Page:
Water is life. It’s really that simple. Our bodies are about two-thirds water, and water is needed to carry on all out essential functions. Even though most people are aware of these facts, a surprisingly large number go through life chronically dehydrated. Many people might just forget to drink enough water, but just as often, the problem can be the taste. Water softeners can treat water to reduce a number of problems including taste, making it easier to get your daily requirement.
What is hard water?
Water softeners treat hard water by removing the minerals responsible for a number of problems. Hard water has a high concentration of minerals, usually calcium and magnesium. Hardness is measured in terms of grains per gallon, on a scale of 1 to 10. As many as 85% of American homes have hard water.
It’s not actually harmful to health, but does create a number of problems. These can range from dry skin to spotted glassware to high heating bills. That’s because the salts deposit on the inside of water heaters, making them less effective. Coffee makers and other appliances that use water, like electric kettles and slow cookers, also acquire a deposit of calcium and other minerals, reducing their useful life.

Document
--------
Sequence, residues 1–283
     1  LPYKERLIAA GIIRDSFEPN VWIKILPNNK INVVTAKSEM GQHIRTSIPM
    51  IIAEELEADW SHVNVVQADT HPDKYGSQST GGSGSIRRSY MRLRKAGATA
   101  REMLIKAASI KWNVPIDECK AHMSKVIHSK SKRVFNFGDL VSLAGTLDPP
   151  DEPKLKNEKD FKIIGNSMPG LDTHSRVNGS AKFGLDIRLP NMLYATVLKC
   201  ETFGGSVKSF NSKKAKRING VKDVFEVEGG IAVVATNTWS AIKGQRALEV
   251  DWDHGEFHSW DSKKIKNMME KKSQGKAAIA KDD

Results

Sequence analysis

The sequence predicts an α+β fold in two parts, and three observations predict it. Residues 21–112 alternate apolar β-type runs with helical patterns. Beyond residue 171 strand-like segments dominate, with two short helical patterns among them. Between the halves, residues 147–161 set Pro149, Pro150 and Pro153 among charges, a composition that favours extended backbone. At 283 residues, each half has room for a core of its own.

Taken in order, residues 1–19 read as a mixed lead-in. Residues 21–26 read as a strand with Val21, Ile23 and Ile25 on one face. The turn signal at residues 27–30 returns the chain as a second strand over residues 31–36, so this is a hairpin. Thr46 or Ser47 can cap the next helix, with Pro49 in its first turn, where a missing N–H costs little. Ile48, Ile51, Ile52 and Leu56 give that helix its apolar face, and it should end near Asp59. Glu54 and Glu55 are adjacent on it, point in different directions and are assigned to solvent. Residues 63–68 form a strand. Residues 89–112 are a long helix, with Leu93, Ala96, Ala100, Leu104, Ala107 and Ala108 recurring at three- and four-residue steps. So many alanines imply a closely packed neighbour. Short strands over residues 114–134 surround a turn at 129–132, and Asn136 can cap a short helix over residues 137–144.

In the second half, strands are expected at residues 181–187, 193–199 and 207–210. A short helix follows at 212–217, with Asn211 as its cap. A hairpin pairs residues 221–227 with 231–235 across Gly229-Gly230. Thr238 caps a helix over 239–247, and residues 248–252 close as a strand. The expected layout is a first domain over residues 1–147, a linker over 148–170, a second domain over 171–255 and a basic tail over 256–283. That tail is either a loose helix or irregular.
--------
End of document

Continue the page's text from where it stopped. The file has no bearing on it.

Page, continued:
Treating hard water
Residential water systems treat water for hardness and other problems like smelly water due to a high concentration of iron, which can also give it a reddish color. As many as 40% of American homes have a residential water system installed, according to the Water Quality Association.
The average daily water consumption for a typical household is 350 gallons. Instead of using bottled water, which can be expensive, home water filtration systems and water softeners can make tap water drinkable and softer.
What do water softeners do?
Hard water minerals are removed using a process known as ion exchange. Ion exchange can remove minerals like calcium, magnesium, iron and manganese which are responsible for the hardness of water. The ion exchange uses resin beads containing sodium. When water flows through the beads, the sodium is exchanged for the hard water minerals. The hard water minerals are trapped by the softener, and only a small amount of sodium passes into the water.
Water softeners need minimal care and maintenance. Salts should be replaced when they run out, but other than that, no other effort is needed to keep a continuous supply of soft water for the whole house.
Getting rid of hardness in water reduces the amount of soap scum deposited on plumbing fixtures like taps, sinks and tubs, and makes water-using appliances, from coffee makers to water heaters more effective. Water softeners also improve the quality of the laundry, leaving clothes brighter and softer. And by removing the mineral taste from water, they make it easier to drink and to stay hydrated.